We're announcing today [Friday 27 May] that we'll be conducting research into consumers’ understanding of broadband speed claims made in ads. The research will be conducted alongside the Committees for Advertising Practice (CAP), which are the bodies responsible for writing and maintaining the Advertising Codes.
Claims about broadband speeds in advertising have been subject to guidance launched by CAP following a public consultation in 2011. A key requirement is that the headline speed must be achievable by at least 10% of customers. The guidance also requires that all speed claims are preceded with an “up to” qualifier and, for those relating to ADSL2+ services, the ad must also include a prominent disclaimer making clear that speeds vary significantly dependent on the user’s distance from the exchange.
The aim of the guidance was to remind consumers that speeds can vary according to a number of factors, including rurality and the quality of local connections, and to manage expectations about the speed they are likely to receive.
Since the introduction of the guidance, complaints to us about broadband speed advertising have fallen by 60%, with evidence pointing towards providers instead choosing to compete on other factors such as price, reliability and customer service.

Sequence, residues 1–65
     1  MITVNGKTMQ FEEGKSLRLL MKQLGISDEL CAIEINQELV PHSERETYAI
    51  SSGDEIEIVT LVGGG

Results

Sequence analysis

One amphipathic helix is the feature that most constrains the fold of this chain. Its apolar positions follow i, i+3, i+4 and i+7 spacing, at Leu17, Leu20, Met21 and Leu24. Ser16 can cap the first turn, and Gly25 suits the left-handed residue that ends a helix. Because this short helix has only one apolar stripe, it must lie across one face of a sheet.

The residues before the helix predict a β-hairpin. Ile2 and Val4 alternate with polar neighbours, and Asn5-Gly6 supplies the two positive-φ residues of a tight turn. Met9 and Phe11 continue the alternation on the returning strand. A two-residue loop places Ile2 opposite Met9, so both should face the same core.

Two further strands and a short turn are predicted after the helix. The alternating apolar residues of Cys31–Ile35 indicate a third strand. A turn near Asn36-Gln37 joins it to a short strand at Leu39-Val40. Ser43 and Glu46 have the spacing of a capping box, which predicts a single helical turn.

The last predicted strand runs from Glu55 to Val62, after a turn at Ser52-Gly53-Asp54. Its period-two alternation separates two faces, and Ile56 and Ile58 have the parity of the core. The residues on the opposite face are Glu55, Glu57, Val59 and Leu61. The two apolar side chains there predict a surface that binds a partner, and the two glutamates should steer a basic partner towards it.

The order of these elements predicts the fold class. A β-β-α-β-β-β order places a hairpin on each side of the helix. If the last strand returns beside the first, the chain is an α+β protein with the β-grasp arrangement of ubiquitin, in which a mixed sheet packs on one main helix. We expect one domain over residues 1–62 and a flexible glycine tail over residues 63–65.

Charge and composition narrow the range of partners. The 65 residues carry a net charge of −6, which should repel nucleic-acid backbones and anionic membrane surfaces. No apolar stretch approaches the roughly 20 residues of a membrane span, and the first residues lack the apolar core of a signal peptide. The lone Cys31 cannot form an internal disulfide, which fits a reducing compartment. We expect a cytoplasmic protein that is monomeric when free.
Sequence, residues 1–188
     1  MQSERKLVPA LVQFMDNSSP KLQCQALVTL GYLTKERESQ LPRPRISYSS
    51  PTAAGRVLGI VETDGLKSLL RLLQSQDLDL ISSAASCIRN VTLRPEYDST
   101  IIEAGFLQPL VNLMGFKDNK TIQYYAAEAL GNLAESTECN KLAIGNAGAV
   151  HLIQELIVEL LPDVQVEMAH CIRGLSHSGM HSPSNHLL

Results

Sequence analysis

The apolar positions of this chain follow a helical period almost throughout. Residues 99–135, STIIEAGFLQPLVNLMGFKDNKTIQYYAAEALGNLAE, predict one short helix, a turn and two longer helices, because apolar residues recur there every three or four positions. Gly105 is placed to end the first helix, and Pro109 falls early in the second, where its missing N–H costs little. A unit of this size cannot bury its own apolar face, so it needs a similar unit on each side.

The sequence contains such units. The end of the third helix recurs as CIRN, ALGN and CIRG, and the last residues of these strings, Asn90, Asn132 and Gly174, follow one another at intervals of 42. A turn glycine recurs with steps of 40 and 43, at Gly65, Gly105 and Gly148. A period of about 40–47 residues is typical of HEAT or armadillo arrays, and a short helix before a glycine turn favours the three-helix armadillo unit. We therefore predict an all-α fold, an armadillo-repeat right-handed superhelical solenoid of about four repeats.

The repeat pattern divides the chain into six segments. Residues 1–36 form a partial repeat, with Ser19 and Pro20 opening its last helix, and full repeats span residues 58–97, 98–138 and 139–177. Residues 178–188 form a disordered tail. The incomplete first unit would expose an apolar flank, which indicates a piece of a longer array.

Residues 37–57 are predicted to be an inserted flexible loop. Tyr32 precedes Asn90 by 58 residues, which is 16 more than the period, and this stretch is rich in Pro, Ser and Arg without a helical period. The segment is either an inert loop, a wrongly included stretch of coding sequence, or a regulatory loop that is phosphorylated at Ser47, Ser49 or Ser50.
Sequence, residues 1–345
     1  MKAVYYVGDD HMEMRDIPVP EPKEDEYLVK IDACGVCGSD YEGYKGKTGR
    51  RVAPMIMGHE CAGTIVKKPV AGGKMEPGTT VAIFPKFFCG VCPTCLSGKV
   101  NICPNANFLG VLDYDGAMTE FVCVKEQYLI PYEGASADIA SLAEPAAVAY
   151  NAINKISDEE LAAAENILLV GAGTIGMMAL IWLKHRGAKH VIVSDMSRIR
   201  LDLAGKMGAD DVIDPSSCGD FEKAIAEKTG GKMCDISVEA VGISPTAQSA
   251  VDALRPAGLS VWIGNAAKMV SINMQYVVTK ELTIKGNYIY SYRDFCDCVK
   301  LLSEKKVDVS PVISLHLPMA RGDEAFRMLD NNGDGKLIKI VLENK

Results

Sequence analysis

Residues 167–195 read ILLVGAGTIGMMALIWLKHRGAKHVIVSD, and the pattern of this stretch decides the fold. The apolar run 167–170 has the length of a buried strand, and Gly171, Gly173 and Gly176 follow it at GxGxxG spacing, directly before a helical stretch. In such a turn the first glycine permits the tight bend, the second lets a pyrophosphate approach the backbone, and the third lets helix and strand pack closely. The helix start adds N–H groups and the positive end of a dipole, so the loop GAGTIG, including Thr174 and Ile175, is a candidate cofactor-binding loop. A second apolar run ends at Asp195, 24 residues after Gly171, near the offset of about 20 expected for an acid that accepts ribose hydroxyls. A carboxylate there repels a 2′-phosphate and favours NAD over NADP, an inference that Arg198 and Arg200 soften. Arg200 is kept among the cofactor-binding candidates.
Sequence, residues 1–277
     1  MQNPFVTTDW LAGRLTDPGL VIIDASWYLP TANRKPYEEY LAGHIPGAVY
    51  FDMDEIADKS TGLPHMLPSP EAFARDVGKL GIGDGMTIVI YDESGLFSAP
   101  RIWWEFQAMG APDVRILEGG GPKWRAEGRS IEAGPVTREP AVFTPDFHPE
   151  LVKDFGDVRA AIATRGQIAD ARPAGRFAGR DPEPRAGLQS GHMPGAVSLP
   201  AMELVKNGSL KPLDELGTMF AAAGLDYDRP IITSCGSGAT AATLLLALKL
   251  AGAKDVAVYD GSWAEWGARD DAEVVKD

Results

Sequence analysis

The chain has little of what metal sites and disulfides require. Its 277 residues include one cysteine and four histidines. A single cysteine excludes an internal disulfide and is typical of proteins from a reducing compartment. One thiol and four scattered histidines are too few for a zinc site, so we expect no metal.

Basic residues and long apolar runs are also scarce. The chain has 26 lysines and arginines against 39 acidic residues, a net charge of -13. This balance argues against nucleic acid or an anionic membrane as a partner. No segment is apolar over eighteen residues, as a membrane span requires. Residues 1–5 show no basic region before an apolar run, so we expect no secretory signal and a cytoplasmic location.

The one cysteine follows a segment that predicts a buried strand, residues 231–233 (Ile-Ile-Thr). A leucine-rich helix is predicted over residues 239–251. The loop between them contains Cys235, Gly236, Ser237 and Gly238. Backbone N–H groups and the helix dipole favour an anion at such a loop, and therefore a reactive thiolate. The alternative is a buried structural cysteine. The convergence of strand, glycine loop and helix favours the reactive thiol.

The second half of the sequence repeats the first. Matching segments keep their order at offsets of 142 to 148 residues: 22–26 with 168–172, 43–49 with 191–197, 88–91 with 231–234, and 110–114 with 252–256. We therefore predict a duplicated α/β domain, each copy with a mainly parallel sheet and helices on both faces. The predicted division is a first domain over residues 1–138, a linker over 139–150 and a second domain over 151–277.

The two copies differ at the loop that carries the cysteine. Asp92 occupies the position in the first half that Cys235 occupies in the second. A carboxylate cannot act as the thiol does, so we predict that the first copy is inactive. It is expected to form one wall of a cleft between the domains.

We and CAP are aware of recent concerns that, despite the guidance, consumers might be misled by claims about speed in broadband ads. Consequently, we're launching a research project to test consumers’ understanding and expectations arising from such advertised claims.
The findings, which will be published in the early autumn, will help CAP determine whether there needs to be any change to the current guidance.
ASA Chief Executive Guy Parker said:
“As an evidence-based regulator, we want to make sure our approach is underpinned by the experience of real people. While complaints to the ASA about broadband speed claims have reduced considerably over recent years, we’re taking action to respond to the concerns by testing our approach through consumer research”.